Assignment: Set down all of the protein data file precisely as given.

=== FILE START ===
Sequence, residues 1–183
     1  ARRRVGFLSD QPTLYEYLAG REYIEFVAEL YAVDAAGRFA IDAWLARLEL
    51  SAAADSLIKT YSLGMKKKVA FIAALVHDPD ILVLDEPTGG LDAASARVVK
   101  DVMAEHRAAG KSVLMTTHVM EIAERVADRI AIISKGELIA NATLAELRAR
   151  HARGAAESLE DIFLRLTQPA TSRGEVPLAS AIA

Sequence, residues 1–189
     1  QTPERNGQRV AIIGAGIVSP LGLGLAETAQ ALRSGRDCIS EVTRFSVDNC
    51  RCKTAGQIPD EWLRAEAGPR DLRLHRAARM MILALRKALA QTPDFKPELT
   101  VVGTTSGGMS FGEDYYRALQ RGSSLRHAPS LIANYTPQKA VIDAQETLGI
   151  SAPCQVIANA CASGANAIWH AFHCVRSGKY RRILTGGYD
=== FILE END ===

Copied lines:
Sequence, residues 1–183
     1  ARRRVGFLSD QPTLYEYLAG REYIEFVAEL YAVDAAGRFA IDAWLARLEL
    51  SAAADSLIKT YSLGMKKKVA FIAALVHDPD ILVLDEPTGG LDAASARVVK
   101  DVMAEHRAAG KSVLMTTHVM EIAERVADRI AIISKGELIA NATLAELRAR
   151  HARGAAESLE DIFLRLTQPA TSRGEVPLAS AIA

Sequence, residues 1–189
     1  QTPERNGQRV AIIGAGIVSP LGLGLAETAQ ALRSGRDCIS EVTRFSVDNC
    51  RCKTAGQIPD EWLRAEAGPR DLRLHRAARM MILALRKALA QTPDFKPELT
   101  VVGTTSGGMS FGEDYYRALQ RGSSLRHAPS LIANYTPQKA VIDAQETLGI
   151  SAPCQVIANA CASGANAIWH AFHCVRSGKY RRILTGGYD